Bb Bass

Holton 345, which is a four valve, 5/4 or 6/4 BBb (depending on whom you ask)

Conn Helleberg, not because I am cheap, but because it is a fine mouthpiece for a big horn

Music Heroes:
Oh, dear, this really dates me. Why don't we say Copland, Nielsen, Bernstein, and BS&T... and call it day
Bred and born in the hometown of Buddy Holly and Mac Davis, and graduated high school in the sausage and music land of Jimmy Dean, Rodney Holmes is living out his midlife crisis in a tuba fantasy world of classical music. After earning a M.S. from the Biomedical Engineering Center of Purdue University, and a Ph.D. in Neurophysiology from the University of Oklahoma Health Sciences Center, Rodney is now a tenured biology instructor at Waubonsee Community College. He also teaches a graduate course in anatomy through the Radiology Department of the University of Chicago.

Rodney founded the Chicago Gargoyle Brass quintet during his days at the University of Chicago as a post-doctoral fellow in neurobiology and a Sr. Lecturer in the Biological Sciences Collegiate Division. In addition to maintaining his quintet and proud membership in the Chicago Brass Band, Rodney has been a member of the South Suburban Jazz Orchestra, and has played with the Prairie Brass Band, Illinois Brass Band, and the DuPage Symphony, Evanston Symphony, and Wheaton Symphony Orchestras. He currently sings in the Camerata Vocal Ensemble, and is principal tuba in the University of Chicago Wind Ensemble and Lake Shore Symphony Orchestra.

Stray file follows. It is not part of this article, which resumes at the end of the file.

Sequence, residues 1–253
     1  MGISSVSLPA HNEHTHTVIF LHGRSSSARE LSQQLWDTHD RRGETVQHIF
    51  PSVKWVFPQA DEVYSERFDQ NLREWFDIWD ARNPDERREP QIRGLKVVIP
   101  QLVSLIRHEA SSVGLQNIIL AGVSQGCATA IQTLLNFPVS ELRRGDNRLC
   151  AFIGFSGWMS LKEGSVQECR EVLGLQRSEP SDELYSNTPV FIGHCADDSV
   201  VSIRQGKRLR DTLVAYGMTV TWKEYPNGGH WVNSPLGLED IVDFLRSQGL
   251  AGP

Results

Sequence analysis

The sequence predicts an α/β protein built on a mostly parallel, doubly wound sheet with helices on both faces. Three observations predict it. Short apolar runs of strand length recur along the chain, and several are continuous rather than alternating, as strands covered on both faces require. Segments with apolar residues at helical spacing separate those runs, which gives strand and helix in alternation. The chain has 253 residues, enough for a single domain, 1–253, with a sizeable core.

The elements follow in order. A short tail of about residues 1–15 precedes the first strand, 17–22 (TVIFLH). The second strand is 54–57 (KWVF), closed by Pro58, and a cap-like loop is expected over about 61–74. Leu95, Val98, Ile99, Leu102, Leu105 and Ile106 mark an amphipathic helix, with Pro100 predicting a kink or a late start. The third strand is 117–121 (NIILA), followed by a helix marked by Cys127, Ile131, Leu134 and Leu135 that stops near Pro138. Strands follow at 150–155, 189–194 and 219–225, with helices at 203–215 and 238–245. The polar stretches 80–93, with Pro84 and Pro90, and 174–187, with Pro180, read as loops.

Rodney's good word is simple: Never quit music. He was first-alternate All State tuba in high school, but put down his tuba almost for good. Twenty years ago he heard Chuck Daellenbach on NPR explaining the difference between a handmade professional and a cheap student line tuba. The next day he contacted his local community band, borrowed a tuba, and has never looked back. "Rex Martin taught me more about tuba playing and musicianship in five years than I had learned in my life. Charlie Schuchat patiently and persistently nudges me forward. I am happiest in the middle of a long rehearsal with my York tuba in my lap, mouthpiece on my face, surrounded by fine musicians, ears full of Bach, and head in a transcendent place."